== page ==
LONDON (Reuters) - The British government had a contingency plan for Prime Minister Boris Johnson’s death as he battled COVID-19 in intensive care last month, he said in an interview with The Sun newspaper.
Johnson, 55, returned to work on Monday, a month after testing positive for COVID-19. He spent 10 days in isolation in Downing Street before he was taken to London’s St Thomas’ Hospital where he spent three nights in intensive care.
“They had a strategy to deal with a ‘death of Stalin’-type scenario,” Johnson was quoted as saying in Sunday’s edition of The Sun. “It was a tough old moment, I won’t deny it.”
Johnson said that during the period when he was self-isolating in Downing Street, he had resisted going to hospital.
“I was in denial because I was working and I kept doing these meetings by video-link,” he said. “But I was really feeling pretty groggy ... I was feeling pretty wasted, not in an intoxicated way, but just, you know, pretty rough.”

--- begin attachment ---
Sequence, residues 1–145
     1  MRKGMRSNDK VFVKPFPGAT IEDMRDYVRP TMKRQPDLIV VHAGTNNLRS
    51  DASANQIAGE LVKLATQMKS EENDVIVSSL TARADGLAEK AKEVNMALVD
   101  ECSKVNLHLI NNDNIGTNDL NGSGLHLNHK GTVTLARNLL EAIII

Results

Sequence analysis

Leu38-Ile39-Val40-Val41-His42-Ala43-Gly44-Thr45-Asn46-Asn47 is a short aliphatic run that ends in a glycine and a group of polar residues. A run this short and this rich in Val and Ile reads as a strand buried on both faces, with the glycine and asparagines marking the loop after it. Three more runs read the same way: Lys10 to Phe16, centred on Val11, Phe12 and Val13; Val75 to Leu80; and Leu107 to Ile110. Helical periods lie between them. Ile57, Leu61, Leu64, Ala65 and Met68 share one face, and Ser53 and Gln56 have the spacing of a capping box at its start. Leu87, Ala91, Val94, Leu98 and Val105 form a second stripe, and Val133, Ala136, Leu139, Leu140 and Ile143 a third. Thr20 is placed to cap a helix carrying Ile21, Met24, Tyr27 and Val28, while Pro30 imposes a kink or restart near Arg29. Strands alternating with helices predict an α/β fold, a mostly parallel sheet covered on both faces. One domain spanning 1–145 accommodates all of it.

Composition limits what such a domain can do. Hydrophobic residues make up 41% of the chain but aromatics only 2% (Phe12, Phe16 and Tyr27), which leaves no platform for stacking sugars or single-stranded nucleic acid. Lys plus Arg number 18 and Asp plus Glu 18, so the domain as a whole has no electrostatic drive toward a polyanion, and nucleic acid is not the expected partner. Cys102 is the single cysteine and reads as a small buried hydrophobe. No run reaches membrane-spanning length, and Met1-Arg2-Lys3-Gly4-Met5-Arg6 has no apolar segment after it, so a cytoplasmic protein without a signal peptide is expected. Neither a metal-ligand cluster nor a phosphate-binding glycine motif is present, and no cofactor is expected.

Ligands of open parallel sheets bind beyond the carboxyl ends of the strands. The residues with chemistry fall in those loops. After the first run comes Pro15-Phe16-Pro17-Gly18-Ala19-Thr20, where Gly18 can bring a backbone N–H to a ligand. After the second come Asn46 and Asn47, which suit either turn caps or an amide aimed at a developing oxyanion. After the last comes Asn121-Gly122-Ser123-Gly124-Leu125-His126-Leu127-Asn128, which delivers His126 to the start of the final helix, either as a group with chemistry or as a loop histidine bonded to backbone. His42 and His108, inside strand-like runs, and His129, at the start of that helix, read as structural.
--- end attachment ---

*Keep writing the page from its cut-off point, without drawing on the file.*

“Then I was told I had to go into St Thomas’. I said I really didn’t want to go into hospital. It didn’t seem to me to be a good move but they were pretty adamant. Looking back, they were right to force me to go.”
Johnson was admitted to a ward on April 5 and given oxygen via a face mask and a tube in his nose. “I was going through litres and litres of oxygen for a long time,” he said. He was moved to intensive care on April 6.
At one point, doctors discussed invasive ventilation.
“The bad moment came when it was 50-50 whether they were going to have to put a tube down my windpipe,” he said. “That was when it got a bit . . . they were starting to think about how to handle it presentationally.”
“The doctors had all sorts of arrangements for what to do if things went badly wrong ... The bloody indicators kept going in the wrong direction.”
After Johnson was discharged, St Thomas’ said it was glad to have cared for the prime minister, but the hospital has given no details about the gravity of his illness beyond stating that he was treated in intensive care.
Johnson and his fiancée, Carrie Symonds, on Saturday announced they had named their newborn son Wilfred Lawrie Nicholas, partly as a tribute to two intensive care doctors called Nicholas who they said had saved Johnson’s life.
Reporting by Guy Faulconbridge and Estelle Shirbon;Editing by Elaine Hardcastle